Please read – Guest Post from Claire
This post is a repeat of the following one, which I modified so that the images could be read in different browsers. Sorry for the confusion!
If you can take the time to read this and answer a few questions, my daughter Claire would greatly appreciate it. Thank you for your time!
Hello everyone, this is Claire (Casey’s daughter). I am a design student and am currently finishing my thesis project, for which I need your help. Here’s the deal: I need feedback for my project, and so I need as many people as possible to comment on it.
My project is a cooking station. The concept behind the product is to change the traditional ‘dinner-party’ model, in which one person (usually the hostess) is confined to the kitchen getting the food ready while the rest of the party sit at the table and wait to be served before they can all enjoy their meal together. The idea is to achieve this by refocusing the social activity around the cooking station. This is done by allowing for multiple users and encouraging people to eat as they cook, the idea being to experiment different recipes in order to taste many different things in one session. The plan is to instigate more freedom into the cooking process, and promote good food by focusing people’s attentions on the processes relating to it; the result being that they will take the time to enjoy it rather than shoving it down their throats in front of TV.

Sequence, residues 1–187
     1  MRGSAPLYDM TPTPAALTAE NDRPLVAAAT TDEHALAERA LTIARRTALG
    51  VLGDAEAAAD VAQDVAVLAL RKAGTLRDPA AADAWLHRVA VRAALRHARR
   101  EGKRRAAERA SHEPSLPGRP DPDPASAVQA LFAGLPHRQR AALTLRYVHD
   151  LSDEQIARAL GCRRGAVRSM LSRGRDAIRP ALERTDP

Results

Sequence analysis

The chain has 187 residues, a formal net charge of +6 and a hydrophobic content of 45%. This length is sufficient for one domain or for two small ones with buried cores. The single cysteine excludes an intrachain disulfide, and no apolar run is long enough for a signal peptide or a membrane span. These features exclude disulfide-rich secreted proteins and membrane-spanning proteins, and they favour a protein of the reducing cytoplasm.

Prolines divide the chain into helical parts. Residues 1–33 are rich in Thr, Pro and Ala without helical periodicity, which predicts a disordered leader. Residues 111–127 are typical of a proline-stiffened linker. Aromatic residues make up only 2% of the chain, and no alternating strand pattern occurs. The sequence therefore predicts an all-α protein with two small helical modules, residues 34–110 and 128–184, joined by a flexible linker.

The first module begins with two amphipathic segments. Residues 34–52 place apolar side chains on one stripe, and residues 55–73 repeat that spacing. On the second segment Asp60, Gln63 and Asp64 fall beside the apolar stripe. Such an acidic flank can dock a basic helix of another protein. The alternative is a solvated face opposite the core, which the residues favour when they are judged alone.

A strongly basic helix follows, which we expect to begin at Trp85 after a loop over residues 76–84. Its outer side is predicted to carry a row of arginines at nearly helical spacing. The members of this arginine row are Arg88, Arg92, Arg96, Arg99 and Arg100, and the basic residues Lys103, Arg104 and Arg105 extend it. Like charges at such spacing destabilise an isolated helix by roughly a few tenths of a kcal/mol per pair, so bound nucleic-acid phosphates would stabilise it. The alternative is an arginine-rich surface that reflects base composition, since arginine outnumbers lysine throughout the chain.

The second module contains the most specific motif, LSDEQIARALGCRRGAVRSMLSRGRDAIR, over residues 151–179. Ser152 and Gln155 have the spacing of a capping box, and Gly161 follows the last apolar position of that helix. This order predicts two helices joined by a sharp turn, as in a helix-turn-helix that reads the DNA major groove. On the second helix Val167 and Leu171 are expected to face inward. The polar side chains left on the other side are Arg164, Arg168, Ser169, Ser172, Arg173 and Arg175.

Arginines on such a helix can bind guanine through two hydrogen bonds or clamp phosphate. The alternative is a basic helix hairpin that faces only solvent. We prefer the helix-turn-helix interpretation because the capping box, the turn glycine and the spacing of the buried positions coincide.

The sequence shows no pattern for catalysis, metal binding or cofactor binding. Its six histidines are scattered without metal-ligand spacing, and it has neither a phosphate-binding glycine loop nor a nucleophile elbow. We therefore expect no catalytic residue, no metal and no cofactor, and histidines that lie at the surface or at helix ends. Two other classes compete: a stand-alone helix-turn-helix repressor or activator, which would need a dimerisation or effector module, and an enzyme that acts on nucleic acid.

The design consists of a large (80x120cm, 31.5×47.2in for the Americans) vitro-ceramic surface powered by induction, set on an inverse U-shaped stainless steel structure (80cm high), supporting two sets of shelves (40cm(15.7in) wide) (four in total).
The ‘island’ shape of the unit permits access from all sides, which allows for multiple users. The smooth top is designed for versatility in its accommodation of cooking methods and maximal hygiene. Induction is used to power the unit, which ensures the safety of unsupervised and inquisitive children (as the surface itself does not heat up, only the cooking vessel). Adjustable shelves provide modular storage space and are removable to allow for wheelchair access. The aesthetics of the unit are designed to reflect those of a contemporary luxury kitchen, inspired by the work of top kitchen design companies.
Ergonomics is a big part of the design. The height is calculated so that the ingredients are more visible in the pots and so it is possible for wheelchair users to cook. In order for it to be possible to comfortably chop vegetables or complete other tasks which require more height, a series of ‘elements’ have been designed to go with the cooking station.
Here are some renderings to give you an idea of the operation of the cooking station. Unfortunately I don’t have any good photos of the model as of yet.
So, tell me what you think. Don’t hesitate to be mean (I know you guys are usually too nice).
I need to know whether you would be willing to try it, and if you think it’s a good idea. If you can be more precise and say how much you would pay for such a product or things like that, that’s even better. Don’t wreck your heads over it or anything; I’m also conducting a focus group.